Divide and Rule: European Patent Office Addresses Divisional Applications

The Enlarged Board of Appeal of the European Patent Office ("EPO") (the EPO's highest level of authority) in a long-awaited judgment has just addressed and clarified the status, examination procedures, and scope of European divisional applications, which are patent applications that are "divided out" from an original application after the original application has been filed, but retain the priority date of the original application. There were two separate cases (known as G1/05 and G1/06) considered at the same time by the Enlarged Board. The questions raised by each case were:


(i) Can a divisional application be amended after filing to remove any additional subject matter?

(ii) Is this so even if the earlier application is no longer pending?

(iii) Are there any other limitations on the ability to amend a divisional application?


(i) What are the requirements for sequences of divisional applications (i.e., divisional applications of divisional applications)?

The relevant legislation that the Enlarged Board addressed is Article 76(1) of the European Patent Convention (EPC). This states:

A European divisional application must be filed directly with the European Patent Office in Munich or its branch at the Hague. It may only be filed in respect of subject-matter which does not extend beyond the content of the earlier application as filed; insofar as this provision is complied with, the divisional application shall be deemed to have been filed on the date of filing of the earlier application and shall have the benefit of any right to priority.

The Enlarged Board's key findings are:

  • A divisional application will not be declared invalid as a result of noncompliance with Article 76(1) at the time of filing and amendment is permitted during examination to make the divisional application conform (G1/05).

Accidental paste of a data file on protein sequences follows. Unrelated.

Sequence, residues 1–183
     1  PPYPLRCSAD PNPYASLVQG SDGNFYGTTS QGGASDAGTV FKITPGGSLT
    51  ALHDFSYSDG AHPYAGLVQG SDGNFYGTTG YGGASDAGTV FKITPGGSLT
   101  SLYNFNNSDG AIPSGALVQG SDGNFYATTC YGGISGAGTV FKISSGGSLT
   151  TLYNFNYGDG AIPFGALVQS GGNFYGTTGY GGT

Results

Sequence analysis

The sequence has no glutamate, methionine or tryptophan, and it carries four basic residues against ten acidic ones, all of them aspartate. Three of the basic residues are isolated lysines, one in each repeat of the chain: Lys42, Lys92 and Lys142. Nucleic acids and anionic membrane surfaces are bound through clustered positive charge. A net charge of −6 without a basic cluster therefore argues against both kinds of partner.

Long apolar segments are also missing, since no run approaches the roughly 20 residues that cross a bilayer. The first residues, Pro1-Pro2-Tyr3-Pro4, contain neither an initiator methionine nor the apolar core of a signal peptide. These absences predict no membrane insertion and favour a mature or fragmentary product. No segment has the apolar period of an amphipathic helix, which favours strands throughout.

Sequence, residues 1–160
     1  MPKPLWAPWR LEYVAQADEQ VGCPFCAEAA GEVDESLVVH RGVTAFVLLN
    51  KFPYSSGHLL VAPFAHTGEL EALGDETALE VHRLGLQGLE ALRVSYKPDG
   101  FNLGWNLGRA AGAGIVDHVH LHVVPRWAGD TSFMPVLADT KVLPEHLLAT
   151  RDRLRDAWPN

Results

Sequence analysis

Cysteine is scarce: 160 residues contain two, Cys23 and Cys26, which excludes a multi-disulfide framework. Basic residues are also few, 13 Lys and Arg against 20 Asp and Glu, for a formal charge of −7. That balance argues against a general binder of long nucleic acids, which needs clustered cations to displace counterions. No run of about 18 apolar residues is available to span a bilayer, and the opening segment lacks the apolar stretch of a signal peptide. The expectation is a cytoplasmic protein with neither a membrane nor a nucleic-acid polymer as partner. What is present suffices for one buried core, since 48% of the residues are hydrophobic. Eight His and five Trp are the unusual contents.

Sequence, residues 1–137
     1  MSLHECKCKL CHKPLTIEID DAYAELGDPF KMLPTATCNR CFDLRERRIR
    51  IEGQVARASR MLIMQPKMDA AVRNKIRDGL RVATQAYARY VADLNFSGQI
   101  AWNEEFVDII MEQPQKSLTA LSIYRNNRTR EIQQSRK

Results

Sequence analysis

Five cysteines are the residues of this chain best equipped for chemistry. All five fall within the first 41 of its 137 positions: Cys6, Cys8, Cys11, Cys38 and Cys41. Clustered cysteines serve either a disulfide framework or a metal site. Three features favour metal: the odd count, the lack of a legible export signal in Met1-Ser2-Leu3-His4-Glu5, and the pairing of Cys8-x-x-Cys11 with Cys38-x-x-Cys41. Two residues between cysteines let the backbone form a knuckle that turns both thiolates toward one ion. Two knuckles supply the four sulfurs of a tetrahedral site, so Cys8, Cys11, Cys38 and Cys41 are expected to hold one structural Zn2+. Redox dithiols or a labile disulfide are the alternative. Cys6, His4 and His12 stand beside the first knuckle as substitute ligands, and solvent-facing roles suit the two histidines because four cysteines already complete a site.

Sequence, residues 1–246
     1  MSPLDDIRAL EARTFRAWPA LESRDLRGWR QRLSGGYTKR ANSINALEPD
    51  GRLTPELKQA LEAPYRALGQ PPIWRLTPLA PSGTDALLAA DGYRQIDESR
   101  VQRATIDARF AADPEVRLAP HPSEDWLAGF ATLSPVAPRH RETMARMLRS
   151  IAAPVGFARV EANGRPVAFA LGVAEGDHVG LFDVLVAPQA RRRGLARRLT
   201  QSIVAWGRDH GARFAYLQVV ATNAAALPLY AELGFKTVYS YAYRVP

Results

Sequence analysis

• Amendment to make a divisional application conform with Article 76(1) is permitted even if at the time of amendment the earlier application from which the divisional application is derived is no longer pending (G1/05).
  • Amendments to divisional applications are not subject to any further limitations. Specifically, a divisional application can be amended to cover aspects of the earlier application which were also disclosed, but not claimed, in the divisional application as filed (G1/05).
  • For a sequence of divisional applications, the subject matter disclosed in a divisional application must be directly and unambiguously derivable from the technical content of each of the preceding applications in the sequence as filed. There is no requirement for the subject matter of a divisional to have been claimed in the preceding applications (G1/06).


These two cases have provoked great interest, addressing as they do fundamental issues relating to the scope of divisional applications. The Enlarged Board invited the President of the EPO to comment and received briefs (as amicus curiae) from professional bodies; the Institute of Professional Representatives before the EPO, the Fédération Internationale des Conseils en Propriété Industrielle, and the Chartered Institute of Patent Attorneys all made submissions.

Detailed Findings

On the question of amendment (G1/05), the Enlarged Board found: